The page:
Malta 2019: days 1 & 2

Day One

I’ve never flown Ryanair before. It was fine, except that pretty much everyone on the plane had paid to upgrade to Priority to get a cabin-sized bag as well as their free small bag and there wasn’t room in the overhead lockers to put all the suitcases. The people opposite me were upset that their Priority bags didn’t get priority in the lockers and that they hadn’t been allowed to board early to get first use of the lockers. That’s not what Priority is on Ryanair and it definitely doesn’t work if there’s only one person on the entire plane (hello!) who hasn’t paid for it.

We took off over Poole Harbour & then went over Southampton and Portsmouth before flying across the Channel to France, at which case my geography dissolved and I settled down to my tablet. The lady at the end of my row was up & down, apparently not sure whether to take her designated seat in front of her husband, the empty seat next to him or the entire empty rows at the front. Well, when the cabin crew handed the lady directly in front of me a sick bag & turned on her fan, I thought I might make use of those empty rows.

The front of the plane was basically empty. I helped myself to an entire row and enjoyed the freedom of leaving my stuff on the seat next to me for the next two and a bit hours. I saw an unidentified Mediterranean island, I saw spectacular mist and waves and I watched the Malta-Gozo ferries chugging across the Channel before we reached the airport. Being right at the front, I was 7th into the building, 6th past passport control & then 1st out into arrivals.

I decided the best way to deal with the bus was to get a 12-journey card rather than pay cash (and therefore keep enough small coins) for every journey. It would have been nice to hang around at the airport for five minutes – sunset and palm trees! Not a combination I generally see in Norway or Iceland – but the X2 was already about to depart. True, for the first five minutes the LCD display inside said X3 & I had to adjust my plans before realising i was on the right bus after all.

I got off at the wrong place. I thought Qroqq 4 came straight after University so I jumped off at the hospital. Still, my phone said it was only a 16 minute walk to the residence & I reached Qroqq roundabout in under ten minutes.

I knew my room was in student accommodation but I’m so glad I’m not a student here. All the windows look out over internal shafts. My room is quite luxurious – you’d have to jump to reach the other side rather than step and light comes down the shaft. There’s a perpetual rumbling noise a bit like a giant fridge, the lights aren’t quite bright enough & the fire alarms keep going off. It’s absolutely fine for £43 but I think it would be pretty grim to live here for a year.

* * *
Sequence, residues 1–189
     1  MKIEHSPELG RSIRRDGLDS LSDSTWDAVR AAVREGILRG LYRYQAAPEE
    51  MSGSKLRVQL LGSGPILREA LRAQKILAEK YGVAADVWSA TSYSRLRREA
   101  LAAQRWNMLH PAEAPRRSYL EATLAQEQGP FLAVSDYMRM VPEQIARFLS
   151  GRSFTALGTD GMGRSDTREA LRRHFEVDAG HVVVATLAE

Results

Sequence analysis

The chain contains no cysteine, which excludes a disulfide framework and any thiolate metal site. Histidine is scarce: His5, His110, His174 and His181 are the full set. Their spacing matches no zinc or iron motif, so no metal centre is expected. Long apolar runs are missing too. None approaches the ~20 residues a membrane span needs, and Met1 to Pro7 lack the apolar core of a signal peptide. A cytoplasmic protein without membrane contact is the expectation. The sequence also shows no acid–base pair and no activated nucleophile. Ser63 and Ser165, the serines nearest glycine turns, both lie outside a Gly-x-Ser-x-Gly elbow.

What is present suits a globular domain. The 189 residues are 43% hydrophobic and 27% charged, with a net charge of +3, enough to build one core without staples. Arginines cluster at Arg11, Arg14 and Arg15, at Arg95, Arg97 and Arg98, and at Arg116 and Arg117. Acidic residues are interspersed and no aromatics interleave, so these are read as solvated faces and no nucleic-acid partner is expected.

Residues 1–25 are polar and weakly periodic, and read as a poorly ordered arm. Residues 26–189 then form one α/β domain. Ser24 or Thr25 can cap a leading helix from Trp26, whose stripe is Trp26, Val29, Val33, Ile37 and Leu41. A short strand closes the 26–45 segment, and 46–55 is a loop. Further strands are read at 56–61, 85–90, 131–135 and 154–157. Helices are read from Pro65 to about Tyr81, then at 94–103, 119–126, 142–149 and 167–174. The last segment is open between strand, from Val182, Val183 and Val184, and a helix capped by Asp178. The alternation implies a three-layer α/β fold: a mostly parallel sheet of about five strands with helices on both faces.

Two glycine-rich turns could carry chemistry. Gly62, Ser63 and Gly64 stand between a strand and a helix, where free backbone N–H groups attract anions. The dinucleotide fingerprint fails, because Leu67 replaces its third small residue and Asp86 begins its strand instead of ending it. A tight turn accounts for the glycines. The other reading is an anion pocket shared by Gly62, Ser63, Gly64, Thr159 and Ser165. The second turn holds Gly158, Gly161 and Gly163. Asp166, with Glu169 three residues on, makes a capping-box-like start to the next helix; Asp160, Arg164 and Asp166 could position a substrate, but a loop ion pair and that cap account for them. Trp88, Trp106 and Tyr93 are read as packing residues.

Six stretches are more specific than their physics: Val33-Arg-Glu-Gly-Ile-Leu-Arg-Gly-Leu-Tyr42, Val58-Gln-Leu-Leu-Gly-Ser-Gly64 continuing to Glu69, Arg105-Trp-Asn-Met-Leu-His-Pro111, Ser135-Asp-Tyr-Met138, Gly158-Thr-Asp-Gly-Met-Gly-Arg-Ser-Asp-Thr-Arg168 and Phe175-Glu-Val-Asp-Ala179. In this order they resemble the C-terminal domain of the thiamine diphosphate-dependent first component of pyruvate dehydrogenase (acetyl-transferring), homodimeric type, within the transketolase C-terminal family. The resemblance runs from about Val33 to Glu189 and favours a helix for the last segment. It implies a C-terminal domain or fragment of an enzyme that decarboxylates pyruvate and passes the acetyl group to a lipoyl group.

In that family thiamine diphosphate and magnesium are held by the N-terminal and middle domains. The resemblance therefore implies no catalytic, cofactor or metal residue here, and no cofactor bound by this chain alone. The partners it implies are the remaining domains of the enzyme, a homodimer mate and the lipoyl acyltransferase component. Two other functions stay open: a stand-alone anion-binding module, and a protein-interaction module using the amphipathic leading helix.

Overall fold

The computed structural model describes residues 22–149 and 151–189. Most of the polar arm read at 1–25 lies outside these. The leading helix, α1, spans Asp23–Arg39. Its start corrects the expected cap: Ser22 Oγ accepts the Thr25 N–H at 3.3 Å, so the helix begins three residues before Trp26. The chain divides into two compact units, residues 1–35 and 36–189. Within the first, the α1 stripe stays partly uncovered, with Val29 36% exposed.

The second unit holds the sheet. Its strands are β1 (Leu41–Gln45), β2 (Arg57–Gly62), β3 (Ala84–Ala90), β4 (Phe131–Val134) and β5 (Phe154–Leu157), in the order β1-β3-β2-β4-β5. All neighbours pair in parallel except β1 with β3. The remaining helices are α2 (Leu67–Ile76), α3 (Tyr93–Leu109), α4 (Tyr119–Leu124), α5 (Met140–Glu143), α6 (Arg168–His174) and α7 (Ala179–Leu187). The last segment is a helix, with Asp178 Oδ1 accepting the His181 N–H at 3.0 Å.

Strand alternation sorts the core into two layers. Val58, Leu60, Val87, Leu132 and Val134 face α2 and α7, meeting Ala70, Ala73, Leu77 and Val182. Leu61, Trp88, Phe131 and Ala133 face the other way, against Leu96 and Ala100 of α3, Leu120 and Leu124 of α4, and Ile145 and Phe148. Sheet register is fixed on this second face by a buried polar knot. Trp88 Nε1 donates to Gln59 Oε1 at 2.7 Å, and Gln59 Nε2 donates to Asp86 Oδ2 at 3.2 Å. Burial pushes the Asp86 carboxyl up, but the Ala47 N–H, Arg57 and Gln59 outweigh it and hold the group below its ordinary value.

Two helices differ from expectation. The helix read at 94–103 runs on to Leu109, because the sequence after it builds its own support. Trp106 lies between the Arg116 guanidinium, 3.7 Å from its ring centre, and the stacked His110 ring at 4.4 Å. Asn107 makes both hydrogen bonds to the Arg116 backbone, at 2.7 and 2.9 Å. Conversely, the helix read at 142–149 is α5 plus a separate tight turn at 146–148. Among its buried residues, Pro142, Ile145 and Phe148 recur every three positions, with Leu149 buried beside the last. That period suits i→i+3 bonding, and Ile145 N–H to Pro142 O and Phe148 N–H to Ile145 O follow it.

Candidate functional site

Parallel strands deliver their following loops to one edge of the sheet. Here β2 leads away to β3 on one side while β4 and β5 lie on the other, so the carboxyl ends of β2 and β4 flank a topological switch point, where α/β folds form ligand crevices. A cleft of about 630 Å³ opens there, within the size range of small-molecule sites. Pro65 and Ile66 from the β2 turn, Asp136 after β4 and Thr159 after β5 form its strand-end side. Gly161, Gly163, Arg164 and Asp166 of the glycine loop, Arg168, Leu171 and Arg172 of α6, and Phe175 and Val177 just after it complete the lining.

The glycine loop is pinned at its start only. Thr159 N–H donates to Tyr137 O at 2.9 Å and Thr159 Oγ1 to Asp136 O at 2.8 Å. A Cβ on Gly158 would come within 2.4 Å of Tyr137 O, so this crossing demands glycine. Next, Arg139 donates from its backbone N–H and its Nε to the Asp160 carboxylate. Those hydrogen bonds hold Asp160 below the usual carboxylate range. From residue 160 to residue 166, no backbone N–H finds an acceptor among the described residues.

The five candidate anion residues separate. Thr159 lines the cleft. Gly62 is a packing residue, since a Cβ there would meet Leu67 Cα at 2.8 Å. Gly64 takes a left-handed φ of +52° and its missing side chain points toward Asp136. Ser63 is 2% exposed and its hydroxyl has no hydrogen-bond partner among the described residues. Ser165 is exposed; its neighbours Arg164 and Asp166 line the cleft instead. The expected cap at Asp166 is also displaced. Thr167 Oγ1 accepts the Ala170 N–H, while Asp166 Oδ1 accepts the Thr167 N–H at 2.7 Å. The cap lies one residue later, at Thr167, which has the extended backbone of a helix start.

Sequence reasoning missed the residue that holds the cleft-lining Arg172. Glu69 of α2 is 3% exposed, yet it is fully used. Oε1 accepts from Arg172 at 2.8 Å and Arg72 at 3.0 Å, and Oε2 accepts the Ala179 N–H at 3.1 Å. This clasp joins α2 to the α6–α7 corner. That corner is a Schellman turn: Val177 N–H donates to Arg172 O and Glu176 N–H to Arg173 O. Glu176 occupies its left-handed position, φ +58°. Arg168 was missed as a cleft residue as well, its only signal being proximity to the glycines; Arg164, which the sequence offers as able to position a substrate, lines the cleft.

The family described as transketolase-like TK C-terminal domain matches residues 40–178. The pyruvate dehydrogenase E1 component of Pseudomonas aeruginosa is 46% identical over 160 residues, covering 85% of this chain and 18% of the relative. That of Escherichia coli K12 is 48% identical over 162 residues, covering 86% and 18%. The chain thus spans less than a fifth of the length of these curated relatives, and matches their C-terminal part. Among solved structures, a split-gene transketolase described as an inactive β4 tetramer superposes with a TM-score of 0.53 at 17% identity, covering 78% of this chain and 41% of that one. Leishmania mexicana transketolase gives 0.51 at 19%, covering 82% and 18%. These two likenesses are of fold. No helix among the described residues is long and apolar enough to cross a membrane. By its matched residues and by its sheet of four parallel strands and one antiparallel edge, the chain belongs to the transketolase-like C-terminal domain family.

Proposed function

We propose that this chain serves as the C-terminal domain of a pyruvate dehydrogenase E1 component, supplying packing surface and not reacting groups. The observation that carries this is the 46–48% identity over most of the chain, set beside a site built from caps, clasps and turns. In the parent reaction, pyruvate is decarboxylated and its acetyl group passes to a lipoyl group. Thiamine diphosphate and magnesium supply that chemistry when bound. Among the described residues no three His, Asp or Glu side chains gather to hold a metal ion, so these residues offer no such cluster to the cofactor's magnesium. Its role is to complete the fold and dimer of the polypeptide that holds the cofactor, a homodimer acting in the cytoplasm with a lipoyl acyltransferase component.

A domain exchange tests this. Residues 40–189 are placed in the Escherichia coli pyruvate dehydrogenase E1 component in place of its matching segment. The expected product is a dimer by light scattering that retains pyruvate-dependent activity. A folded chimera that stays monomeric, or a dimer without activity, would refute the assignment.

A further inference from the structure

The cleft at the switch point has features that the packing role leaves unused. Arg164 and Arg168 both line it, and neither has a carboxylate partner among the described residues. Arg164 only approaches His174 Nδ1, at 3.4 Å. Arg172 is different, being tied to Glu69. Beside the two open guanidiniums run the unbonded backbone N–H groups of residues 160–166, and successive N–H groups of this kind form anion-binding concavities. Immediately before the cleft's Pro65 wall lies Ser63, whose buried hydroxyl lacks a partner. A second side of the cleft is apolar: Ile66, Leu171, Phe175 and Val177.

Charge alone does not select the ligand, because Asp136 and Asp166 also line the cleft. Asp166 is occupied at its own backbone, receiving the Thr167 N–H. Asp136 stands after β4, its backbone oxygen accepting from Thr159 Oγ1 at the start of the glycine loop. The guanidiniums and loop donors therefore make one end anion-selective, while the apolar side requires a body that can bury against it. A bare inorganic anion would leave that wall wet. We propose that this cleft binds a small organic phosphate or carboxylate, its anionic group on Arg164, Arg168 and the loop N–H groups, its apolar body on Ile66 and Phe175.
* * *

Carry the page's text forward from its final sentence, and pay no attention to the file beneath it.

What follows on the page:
Day two

I got up early for breakfast (toast good, juice bad, cereal worse) and then went out. Quick stop at the tiny shop near Qroqq for food supplies, then to the bus stop. 9:05 in Malta in January is not meant to be so hot. There was nowhere to shelter from the sun while I waited for the bus and by the time it turned up, I was about ready to collapse from heatstroke. The bus didn’t help by having its heating going. By the time I reached the Gozo ferry, I knew I’d be seeking out the shadiest breeziest spot on the deck and staying there. Maybe I’d stay there and go backwards and forwards all day until I’d cooled down enough to function. In fact, standing right at the front un just a t-shirt was freezing and then I finished the job by deciding the best way to explore Gozo was on the top deck of an open-topped hop-on-hop-off sightseeing bus.

We went all over the island. There was an audio guide but mostly it crackled and only one ear worked. Gozo was not built for buses. We took some very tight corners & some very narrow streets and you could have stepped off the narrow balconies onto the top deck. It was windy and the sun kept going behind clouds so most people sat with winter coats and hats on.

The only place I actually hopped off was at Dwejra. That’s where the Azure Window used to be, a 50m high Durdle Door, before it collapsed in a storm in winter 2017. However, the guidebook mentioned “distorted crater-like topography” and of course I liked the sound of that. It’s limestone but in places it looks like pumice and in places it’s as much shells as rocks. Very weird to scramble on.

But what I enjoyed in Dwejra was the helicopter. A big chunky one, the kind that does search and rescue. It swooped over the beach twice, looked like it was going to land, then winched down two people. Yes, I went to see what was going on. No, I wasn’t the only one. It swooped away again and then returned and winched up two people, together. They both looked like they were in helicopter uniform. There was no sign of any rescue needed. I conclude that it was training. It was very interesting but also very noisy.

I got back on the next bus. The audio guide actually worked on this one but it was ten minutes behind where we were so we didn’t know what to look at until it was far too late. In Victoria/Rabat there’s a street leading to the bus station that’s one way except buses. I’m not convinced that’s a system that works very well.

We returned to the harbour & rather than rush for the next ferry, I found a table & had late lunch so I could get calmly on the following ferry. It seems to go so quickly – well, it doesn’t move quickly and it was a bit tougher on the way back but the journey was over do soon. I enjoyed the ferry.

I expected the bus back to be chaotic, what with an entire ferry-load trying to get on but they all went for the non-express buses with Valletta on the front. Ok, the X1 doesn’t technically go to Valletta but it doesn’t exclusively go from Gozo to the airport. But it meant I could sit at the front, where I could see where we were going and where the windows aren’t filtered to make sunset appear half an hour earlier (this was a problem on the X2 yesterday – from my seat it was pitch black outside). The driver went a little too fast – if he has to hang onto the side of his cabin when we go round a corner, he’s going too fast – but it was fun and we got back to Qroqq 4 far too soon. I nearly missed it. By the time I realised we were getting close, it was already the next stop.

I stopped at Gala Centre for food on the way back – it’s inside a Seat dealer, there’s no obvious entrance to the supermarket although there are two exits and there’s no obvious way out of the building either. Still, I got 2 litres of Happy Day orange juice and some food and then I went back to my room.